Blue Peter reaches another milestone this week. What keeps the world’s longest running children’s TV show fresh and relevant?
On 1st February 2018 Blue Peter airs its 5000th episode! To put that in context, the show has been around considerably longer than I have. My children will watch it on Thursday, nearly 40 years after I first sat glued to Valerie Singleton creating something incredible out of old corn flake packets, or John Noakes doing something dangerous for charity.
Of course, things have changed since then. The show of 2018 is rather different from the homespun Blue Peter of the 1970s and 80s. But BAFTA Kids nominated producer Helen Varley says that its purpose remains the same.
“Blue Peter encourages the CBBC audience to be inspired by the world and the people in it. Things that many people now assume are defunct, like writing letters and making things from what you already have at home, are really loved and cherished by the Blue Peter audience.”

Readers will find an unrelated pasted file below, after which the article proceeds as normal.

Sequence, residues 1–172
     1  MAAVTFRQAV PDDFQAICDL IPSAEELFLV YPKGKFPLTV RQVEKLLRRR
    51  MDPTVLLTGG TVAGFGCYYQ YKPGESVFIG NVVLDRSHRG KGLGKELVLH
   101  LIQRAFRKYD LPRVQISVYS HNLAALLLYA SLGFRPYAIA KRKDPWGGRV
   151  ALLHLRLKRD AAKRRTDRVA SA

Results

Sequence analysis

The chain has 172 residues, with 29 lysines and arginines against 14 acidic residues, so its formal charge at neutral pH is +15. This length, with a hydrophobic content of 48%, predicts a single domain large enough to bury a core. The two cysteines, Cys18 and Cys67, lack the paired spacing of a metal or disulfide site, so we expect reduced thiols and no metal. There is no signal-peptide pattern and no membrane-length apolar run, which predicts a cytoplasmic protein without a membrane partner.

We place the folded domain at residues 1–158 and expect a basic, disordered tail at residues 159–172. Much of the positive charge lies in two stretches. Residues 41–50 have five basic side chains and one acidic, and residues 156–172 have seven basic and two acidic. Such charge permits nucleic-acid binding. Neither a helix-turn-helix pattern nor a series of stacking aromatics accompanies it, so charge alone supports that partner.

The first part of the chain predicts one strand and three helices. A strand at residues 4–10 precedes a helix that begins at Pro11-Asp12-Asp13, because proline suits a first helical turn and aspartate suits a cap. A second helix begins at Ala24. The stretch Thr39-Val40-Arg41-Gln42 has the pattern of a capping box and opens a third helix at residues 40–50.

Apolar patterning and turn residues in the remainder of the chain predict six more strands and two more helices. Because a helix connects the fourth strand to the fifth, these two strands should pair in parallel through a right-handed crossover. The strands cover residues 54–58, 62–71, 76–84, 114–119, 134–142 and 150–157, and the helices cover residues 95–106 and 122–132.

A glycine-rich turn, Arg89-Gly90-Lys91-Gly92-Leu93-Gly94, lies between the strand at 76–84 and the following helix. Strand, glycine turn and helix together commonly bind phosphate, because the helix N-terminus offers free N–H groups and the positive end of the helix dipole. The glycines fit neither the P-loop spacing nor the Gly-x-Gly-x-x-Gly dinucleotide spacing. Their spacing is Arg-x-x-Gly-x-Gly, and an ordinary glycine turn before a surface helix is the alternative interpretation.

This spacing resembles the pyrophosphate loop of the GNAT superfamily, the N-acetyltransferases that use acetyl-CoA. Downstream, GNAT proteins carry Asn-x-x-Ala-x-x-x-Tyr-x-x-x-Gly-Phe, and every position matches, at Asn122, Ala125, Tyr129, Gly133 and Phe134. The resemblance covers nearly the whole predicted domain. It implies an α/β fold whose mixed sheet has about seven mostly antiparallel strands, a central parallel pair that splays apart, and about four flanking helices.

Nevertheless, times change. When I watched Blue Peter, it had very little competition. As Helen acknowledges, engaging an audience in an age of multi-channel, multi-device media is more of a challenge.
“I think kids have changed because the world has changed,” she says.
“The family unit has changed. The way we communicate has changed. Of course, there are fundamentals that stay the same, but if you think that children’s TV used to be on for an hour a day and now there are multiple digital children’s channels running 24/7, video games, apps, YouTube…there are a million things fighting for their attention and most kids won’t ever have known any different.”
So how does Blue Peter stay relevant in an age when a badly house trained elephant isn’t quite the media moment it once was?
Helen says: “These days, kids are born digital and thus it (the website) is a key part of the Blue Peter offering. It gives us a platform to communicate with the audience, offer them great content 24/7 and give them ownership of the show. It’s a real community.”